Friday, May 25, 2012

Potato salad with olive tapenade

Boiled potatoes are great at absorbing flavors when dressed while warm. New potatoes steamed in their jackets, chopped and dressed with a tangy dressing of olive tapenade, sherry vinegar and olive oil is a refreshing change from the usual mayonnaise based potato salad. A little crunch from the sweet vidalia onions and some added freshness from the last minute addition of parsley makes a perfect potato salad just in time for the Memorial Day barbecue.


Potato salad with Olive tapenade

10 small baby potatoes, any color will do
2 tablespoon finely chopped Vidalia onions
2 tablespoons finely chopped parsley leaves

Dressing
3 teaspoons olive tapenade
2 teaspoons sherry vinegar
1 tablespoon extra virgin olive oil
1/4 teaspoon kosher salt

  1. Boil the potatoes in the their jackets for about 15 minutes till fork tender. Drain and set them aside till cool enough to handle. (They should be warm - otherwise they will not absorb the dressing as well).
  2. Chop the boiled potatoes into quarters and place in a mixing bowl along with the chopped onions.
  3. Make a dressing with the tapenade, sherry vinegar, olive oil and salt. Pour over the potatoes and mix the dressing so that the potatoes are coated evenly. Let the potatoes absorb all the flavors for about an hour. Transfer to a serving bowl and mix in the chopped parsley.
  4. Serve at room temperature.
Serves 2 to 3

Note: Another potato salad that you might like : Grilled potatoes with basil vinaigrette

Sunday, May 20, 2012

Beetroot avocado and edamame salad

Yotam Ottolenghi is a London based chef who writes a column in the Guardian newspaper called the New vegetarian. I discovered his recipes a few years ago while browsing through the newspaper and fell in love with his creative vegetarian cuisine. He has an amazing knack of combining ingredients which you would not normally think of putting together. This colorful salad is an example of just that. I have adjusted the seasoning elements to suit our palate, but the essence of the recipe is the same.

Crunchy and slightly sweet beetroots, combined with sweet and sour pickled onions, creamy avocado and tender edamame are a great combination of flavors and textures. The herbs cut into the richness of the avocado and the lemon juice gives the salad an extra bit of freshness.

Beetroot, Avocado and Edamame Salad

2 small raw beetroots
1 small red onion, thinly sliced
2 tablespoons sherry vinegar
2 tablespoons extra virgin olive oil, plus a little extra to finish
¼ teaspoon superfine or caster sugar
2 teaspoon Tabasco or Mexican Cholula hot sauce
½ teaspoon kosher salt
Freshly ground black pepper
1 large avocado, peeled and thinly sliced
2 tablespoon finely chopped cilantro
2 tablespoons finely chopped fresh mint leaves
1 cup frozen edamame quickly blanched and refreshed in cold water

1.      Peel the beetroots and slice them very thinly, around 2-3mm thick. It is best to use a mandoline. [I have been using this set from Swissmar for the last 12 years and the blades have not worn out yet. Worth the investment if you do not have a mandoline].  Put the beetroot in a pot with plenty of boiling water and simmer for three to five minutes, until semi-cooked; it should still be crunchy. Drain and put in a large bowl.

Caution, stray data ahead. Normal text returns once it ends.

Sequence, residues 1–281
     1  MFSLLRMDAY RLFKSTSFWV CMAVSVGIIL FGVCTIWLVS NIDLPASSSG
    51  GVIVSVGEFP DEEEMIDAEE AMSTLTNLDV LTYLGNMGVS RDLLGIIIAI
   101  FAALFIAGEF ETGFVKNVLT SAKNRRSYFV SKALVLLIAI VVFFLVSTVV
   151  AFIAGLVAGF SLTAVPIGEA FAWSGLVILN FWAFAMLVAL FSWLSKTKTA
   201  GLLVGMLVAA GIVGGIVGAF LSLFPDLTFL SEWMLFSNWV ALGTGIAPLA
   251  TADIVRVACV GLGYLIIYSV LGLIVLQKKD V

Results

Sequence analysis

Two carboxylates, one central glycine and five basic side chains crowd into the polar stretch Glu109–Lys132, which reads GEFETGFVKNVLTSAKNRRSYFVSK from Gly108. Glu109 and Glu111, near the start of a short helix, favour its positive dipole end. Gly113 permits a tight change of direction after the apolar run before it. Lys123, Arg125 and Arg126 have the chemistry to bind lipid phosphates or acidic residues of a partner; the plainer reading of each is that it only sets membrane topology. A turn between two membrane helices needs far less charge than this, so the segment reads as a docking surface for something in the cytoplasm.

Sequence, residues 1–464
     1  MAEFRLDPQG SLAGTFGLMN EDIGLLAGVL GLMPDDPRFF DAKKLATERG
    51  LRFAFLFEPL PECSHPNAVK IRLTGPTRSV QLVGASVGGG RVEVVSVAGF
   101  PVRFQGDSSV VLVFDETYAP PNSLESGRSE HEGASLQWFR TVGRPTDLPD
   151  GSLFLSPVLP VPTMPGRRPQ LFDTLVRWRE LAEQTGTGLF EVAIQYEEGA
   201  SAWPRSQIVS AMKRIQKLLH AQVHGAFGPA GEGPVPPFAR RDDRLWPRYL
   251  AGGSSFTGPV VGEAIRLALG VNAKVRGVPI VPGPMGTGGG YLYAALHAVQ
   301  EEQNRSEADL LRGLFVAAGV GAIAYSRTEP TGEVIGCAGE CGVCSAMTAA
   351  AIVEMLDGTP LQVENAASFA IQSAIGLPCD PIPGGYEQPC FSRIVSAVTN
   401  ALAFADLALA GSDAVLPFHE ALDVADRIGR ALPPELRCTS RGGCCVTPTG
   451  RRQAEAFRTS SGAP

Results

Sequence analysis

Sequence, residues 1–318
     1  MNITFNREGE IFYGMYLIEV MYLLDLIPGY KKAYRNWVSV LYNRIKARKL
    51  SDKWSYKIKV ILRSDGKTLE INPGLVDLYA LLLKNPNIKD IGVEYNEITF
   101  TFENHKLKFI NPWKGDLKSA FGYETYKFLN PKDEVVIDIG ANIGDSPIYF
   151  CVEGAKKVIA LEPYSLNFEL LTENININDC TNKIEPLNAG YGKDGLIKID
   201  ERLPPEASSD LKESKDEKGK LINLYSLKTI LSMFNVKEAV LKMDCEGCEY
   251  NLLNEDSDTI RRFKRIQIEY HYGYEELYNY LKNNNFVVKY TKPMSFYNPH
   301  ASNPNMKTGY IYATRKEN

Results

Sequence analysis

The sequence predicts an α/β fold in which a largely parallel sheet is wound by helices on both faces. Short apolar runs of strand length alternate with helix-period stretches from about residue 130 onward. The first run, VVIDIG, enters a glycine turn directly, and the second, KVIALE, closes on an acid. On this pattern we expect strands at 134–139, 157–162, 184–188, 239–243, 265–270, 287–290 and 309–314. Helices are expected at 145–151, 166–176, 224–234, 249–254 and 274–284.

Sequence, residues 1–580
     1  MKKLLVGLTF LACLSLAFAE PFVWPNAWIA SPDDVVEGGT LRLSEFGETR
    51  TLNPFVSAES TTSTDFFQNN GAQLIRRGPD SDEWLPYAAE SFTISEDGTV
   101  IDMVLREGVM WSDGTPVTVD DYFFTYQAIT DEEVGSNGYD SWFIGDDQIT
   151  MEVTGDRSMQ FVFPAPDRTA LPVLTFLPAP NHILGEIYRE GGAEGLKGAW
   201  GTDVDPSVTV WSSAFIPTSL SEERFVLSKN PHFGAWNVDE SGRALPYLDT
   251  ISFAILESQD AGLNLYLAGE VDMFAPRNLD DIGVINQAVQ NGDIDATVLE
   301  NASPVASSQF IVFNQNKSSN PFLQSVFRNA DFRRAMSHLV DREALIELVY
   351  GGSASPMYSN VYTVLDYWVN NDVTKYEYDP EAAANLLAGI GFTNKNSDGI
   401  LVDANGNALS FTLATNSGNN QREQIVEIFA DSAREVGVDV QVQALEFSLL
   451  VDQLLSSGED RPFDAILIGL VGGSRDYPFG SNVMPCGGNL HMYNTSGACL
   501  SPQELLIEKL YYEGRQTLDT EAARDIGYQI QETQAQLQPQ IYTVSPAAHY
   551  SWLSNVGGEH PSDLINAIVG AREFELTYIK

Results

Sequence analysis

2.      Add the red onion, vinegar, oil, sugar, chilli sauce, salt and pepper to the beetroot bowl and toss everything together gently with your hands are the best tool for this. [Use gloves since the beetroot will turn your hands pink.] Leave to one side for 10-15 minutes, then taste and see if you want to add more sugar, salt or vinegar – it needs to be sharp and sweetish.
3.      When you're ready to serve, spread half the beetroot mixture on a large platter or in a shallow bowl. Top with half the avocado. Drizzle one tablespoon of the lemon juice over the avocado. Sprinkle the  coriander, mint, and edamame over the avocado slices. Add the rest of the beetroot and arrange the remaining ingredients on top. Drizzle with the remaining lemon juice and a little oil and serve.

Serves 3 to 4

You might also like Beetroot salad with Greek Yogurt

Black eyed pea curry with yogurt and tomatoes

Black eyed peas are commonly eaten in India and Pakistan. However there are other parts of the world where they are eaten as well and have special significance. In the southeastern parts of the United States, Hoppin John made with black eyed peas is eaten on New Years day to bring good luck and prosperity for the rest of the year. This tradition is generally believed to date back to the Civil war . In Vietnam it is eaten in a dessert with coconut milk and sticky rice. Portugal, Greece and Africa have their specialties with black eyed peas as well.

I slow cook dried soaked beans instead of using canned beans, since it picks up a lot more flavor while it is cooking for a long time with the spices. Usually I add the cooked beans to a curry made with onions and tomatoes but today I made it a little more special and added some yogurt to the dish to give it another layer of flavor and the yogurt helps to create a silky sauce. The addition of cardamom and clove gives the curry a fragrant aroma. This curry freezes very well - hence feel free to double the quantity.

Black eyed pea curry with yogurt and tomatoes

1 cup dried black eyed peas (soaked overnight with 3 cups water)
½ inch piece of ginger grated